### Abstract

In a previous analysis of ventricular arterial interaction, we represented the left ventricle as an elastic chamber which periodically increases its volume elastance to a value equal to the slope of the linear end-systolic pressure-volume relationship. Similarly, the arterial load property was represented by an effective elastance which is the slope of the arterial end-systolic pressure-stroke volume relationship. Since the maximal transfer of potential energy from one elastic chamber to another occurs when they have equal elastance, we hypothesized that the left ventricle would do maximal external work if the ventricular elastance and the effective arterial elastance were equal. We tested this hypothesis in 10 isolated canine left ventricles, ejecting into a simulated arterial impedance, by extensively altering arterial resistance and finding the optimal resistance that maximized left ventricular stroke work under various combinations of end-diastolic volume, contractility, heart rate, and arterial compliance. Each of these parameters was set at one of three levels while others were at control. The optimal resistance varied only slightly with arterial compliance, whereas it varied widely with contractility and heart rate. We thus determined that the ratio of the optimal effective arterial elastance to the given ventricular elastance remained nearly unity. This result supports the hypothesis that the left ventricle does maximal external work to the arterial load when the ventricular and arterial elastances are equalized.

Original language | English (US) |
---|---|

Pages (from-to) | 586-595 |

Number of pages | 10 |

Journal | Circulation Research |

Volume | 56 |

Issue number | 4 |

State | Published - 1985 |

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### ASJC Scopus subject areas

- Physiology
- Cardiology and Cardiovascular Medicine

### Cite this

*Circulation Research*,

*56*(4), 586-595.

**Optimal arterial resistance for the maximal stroke work studied in isolated canine left ventricle.** / Sunagawa, K.; Maughan, William L; Sagawa, K.

Research output: Contribution to journal › Article

*Circulation Research*, vol. 56, no. 4, pp. 586-595.

}

TY - JOUR

T1 - Optimal arterial resistance for the maximal stroke work studied in isolated canine left ventricle

AU - Sunagawa, K.

AU - Maughan, William L

AU - Sagawa, K.

PY - 1985

Y1 - 1985

N2 - In a previous analysis of ventricular arterial interaction, we represented the left ventricle as an elastic chamber which periodically increases its volume elastance to a value equal to the slope of the linear end-systolic pressure-volume relationship. Similarly, the arterial load property was represented by an effective elastance which is the slope of the arterial end-systolic pressure-stroke volume relationship. Since the maximal transfer of potential energy from one elastic chamber to another occurs when they have equal elastance, we hypothesized that the left ventricle would do maximal external work if the ventricular elastance and the effective arterial elastance were equal. We tested this hypothesis in 10 isolated canine left ventricles, ejecting into a simulated arterial impedance, by extensively altering arterial resistance and finding the optimal resistance that maximized left ventricular stroke work under various combinations of end-diastolic volume, contractility, heart rate, and arterial compliance. Each of these parameters was set at one of three levels while others were at control. The optimal resistance varied only slightly with arterial compliance, whereas it varied widely with contractility and heart rate. We thus determined that the ratio of the optimal effective arterial elastance to the given ventricular elastance remained nearly unity. This result supports the hypothesis that the left ventricle does maximal external work to the arterial load when the ventricular and arterial elastances are equalized.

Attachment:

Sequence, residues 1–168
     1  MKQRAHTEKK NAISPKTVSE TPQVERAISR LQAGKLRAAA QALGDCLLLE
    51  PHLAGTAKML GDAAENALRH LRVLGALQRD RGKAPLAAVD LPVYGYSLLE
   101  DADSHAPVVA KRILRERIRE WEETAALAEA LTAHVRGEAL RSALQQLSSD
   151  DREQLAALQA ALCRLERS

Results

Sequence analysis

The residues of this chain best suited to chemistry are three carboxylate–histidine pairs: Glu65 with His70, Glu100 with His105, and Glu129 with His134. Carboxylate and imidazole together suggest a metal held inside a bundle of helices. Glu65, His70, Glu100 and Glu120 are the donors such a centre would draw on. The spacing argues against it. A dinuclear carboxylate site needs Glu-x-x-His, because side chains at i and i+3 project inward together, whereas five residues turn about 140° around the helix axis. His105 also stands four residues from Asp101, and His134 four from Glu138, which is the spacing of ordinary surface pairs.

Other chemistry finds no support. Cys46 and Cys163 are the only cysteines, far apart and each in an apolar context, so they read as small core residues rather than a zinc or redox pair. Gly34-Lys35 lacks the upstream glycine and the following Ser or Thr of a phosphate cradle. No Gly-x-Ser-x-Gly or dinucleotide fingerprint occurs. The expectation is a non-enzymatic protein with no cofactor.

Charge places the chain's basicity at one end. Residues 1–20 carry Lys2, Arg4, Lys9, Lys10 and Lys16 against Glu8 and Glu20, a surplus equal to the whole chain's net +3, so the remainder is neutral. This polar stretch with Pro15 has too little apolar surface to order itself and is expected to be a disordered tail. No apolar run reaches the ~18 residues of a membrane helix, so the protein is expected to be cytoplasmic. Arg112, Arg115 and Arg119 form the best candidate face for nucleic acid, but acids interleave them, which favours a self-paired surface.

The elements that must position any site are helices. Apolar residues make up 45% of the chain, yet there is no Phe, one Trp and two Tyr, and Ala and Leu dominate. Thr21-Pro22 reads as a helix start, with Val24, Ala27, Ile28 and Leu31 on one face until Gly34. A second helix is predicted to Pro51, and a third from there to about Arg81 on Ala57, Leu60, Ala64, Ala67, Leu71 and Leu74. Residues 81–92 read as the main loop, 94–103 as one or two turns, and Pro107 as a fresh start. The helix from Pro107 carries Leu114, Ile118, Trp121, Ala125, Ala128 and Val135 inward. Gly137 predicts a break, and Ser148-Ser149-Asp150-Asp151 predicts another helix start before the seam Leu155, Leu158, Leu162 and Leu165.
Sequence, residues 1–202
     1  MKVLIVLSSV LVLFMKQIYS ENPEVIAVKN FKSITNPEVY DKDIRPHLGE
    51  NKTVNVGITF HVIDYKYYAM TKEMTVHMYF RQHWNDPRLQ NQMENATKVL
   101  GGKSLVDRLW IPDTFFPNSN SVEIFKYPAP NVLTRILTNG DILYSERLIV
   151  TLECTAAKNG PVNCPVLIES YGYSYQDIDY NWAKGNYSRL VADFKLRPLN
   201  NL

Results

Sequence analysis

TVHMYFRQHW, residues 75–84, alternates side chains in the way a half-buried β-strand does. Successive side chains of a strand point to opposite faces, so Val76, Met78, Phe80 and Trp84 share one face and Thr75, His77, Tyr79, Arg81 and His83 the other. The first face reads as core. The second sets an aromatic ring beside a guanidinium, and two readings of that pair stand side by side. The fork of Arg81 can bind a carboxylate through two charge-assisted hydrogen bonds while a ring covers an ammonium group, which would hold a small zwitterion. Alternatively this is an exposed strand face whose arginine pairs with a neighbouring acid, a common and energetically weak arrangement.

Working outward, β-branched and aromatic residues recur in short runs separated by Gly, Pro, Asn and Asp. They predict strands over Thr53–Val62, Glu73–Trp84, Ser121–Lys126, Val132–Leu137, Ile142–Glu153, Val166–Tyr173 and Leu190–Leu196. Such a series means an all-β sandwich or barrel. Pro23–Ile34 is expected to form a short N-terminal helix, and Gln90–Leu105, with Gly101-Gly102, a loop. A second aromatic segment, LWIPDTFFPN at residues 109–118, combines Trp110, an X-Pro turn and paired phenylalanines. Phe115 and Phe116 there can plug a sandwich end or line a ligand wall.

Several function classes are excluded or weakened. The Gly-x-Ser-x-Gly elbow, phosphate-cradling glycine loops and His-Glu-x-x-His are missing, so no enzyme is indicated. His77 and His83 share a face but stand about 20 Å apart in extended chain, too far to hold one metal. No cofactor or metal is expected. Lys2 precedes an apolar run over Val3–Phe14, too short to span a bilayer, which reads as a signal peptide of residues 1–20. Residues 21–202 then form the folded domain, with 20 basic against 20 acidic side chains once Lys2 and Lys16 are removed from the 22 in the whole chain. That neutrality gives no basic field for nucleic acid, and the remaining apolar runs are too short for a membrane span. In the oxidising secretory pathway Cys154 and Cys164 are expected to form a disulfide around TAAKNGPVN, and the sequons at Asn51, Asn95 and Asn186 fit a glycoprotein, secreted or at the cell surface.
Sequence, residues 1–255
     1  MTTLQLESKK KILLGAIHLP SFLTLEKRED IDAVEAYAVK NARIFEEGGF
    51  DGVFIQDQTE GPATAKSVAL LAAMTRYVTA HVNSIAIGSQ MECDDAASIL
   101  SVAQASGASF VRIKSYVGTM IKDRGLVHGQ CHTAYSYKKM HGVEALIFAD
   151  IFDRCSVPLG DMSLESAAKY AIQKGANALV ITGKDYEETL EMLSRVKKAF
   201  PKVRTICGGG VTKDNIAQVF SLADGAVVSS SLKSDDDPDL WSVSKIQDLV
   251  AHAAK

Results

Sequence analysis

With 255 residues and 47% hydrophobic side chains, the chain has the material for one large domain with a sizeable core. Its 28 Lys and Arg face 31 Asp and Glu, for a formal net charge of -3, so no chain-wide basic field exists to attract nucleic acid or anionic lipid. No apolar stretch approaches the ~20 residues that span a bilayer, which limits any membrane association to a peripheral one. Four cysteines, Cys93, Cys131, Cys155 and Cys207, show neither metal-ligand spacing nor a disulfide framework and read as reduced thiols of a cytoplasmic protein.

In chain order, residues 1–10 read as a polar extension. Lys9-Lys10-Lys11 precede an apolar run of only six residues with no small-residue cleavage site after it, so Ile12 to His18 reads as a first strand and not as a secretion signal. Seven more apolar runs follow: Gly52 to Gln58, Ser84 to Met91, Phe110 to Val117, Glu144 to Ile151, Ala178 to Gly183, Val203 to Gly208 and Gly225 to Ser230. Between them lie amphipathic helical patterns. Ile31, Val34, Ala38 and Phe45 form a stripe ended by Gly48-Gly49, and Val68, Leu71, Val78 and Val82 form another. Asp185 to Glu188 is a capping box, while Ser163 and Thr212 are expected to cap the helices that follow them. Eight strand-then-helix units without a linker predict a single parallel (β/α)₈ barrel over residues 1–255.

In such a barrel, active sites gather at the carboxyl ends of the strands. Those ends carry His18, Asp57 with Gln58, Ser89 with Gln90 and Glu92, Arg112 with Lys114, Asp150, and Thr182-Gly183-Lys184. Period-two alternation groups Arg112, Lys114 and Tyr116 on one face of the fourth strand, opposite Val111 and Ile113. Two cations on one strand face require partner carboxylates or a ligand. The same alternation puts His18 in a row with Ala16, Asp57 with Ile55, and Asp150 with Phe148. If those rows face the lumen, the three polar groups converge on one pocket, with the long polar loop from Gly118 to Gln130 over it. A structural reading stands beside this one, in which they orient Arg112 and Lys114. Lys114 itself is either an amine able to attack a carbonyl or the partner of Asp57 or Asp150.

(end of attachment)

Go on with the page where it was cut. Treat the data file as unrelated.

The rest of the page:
AB - In a previous analysis of ventricular arterial interaction, we represented the left ventricle as an elastic chamber which periodically increases its volume elastance to a value equal to the slope of the linear end-systolic pressure-volume relationship. Similarly, the arterial load property was represented by an effective elastance which is the slope of the arterial end-systolic pressure-stroke volume relationship. Since the maximal transfer of potential energy from one elastic chamber to another occurs when they have equal elastance, we hypothesized that the left ventricle would do maximal external work if the ventricular elastance and the effective arterial elastance were equal. We tested this hypothesis in 10 isolated canine left ventricles, ejecting into a simulated arterial impedance, by extensively altering arterial resistance and finding the optimal resistance that maximized left ventricular stroke work under various combinations of end-diastolic volume, contractility, heart rate, and arterial compliance. Each of these parameters was set at one of three levels while others were at control. The optimal resistance varied only slightly with arterial compliance, whereas it varied widely with contractility and heart rate. We thus determined that the ratio of the optimal effective arterial elastance to the given ventricular elastance remained nearly unity. This result supports the hypothesis that the left ventricle does maximal external work to the arterial load when the ventricular and arterial elastances are equalized.

UR - http://www.scopus.com/inward/record.url?scp=0021993531&partnerID=8YFLogxK

UR - http://www.scopus.com/inward/citedby.url?scp=0021993531&partnerID=8YFLogxK

M3 - Article

C2 - 3978773

AN - SCOPUS:0021993531

VL - 56

SP - 586

EP - 595

JO - Circulation Research

JF - Circulation Research

SN - 0009-7330

IS - 4

ER -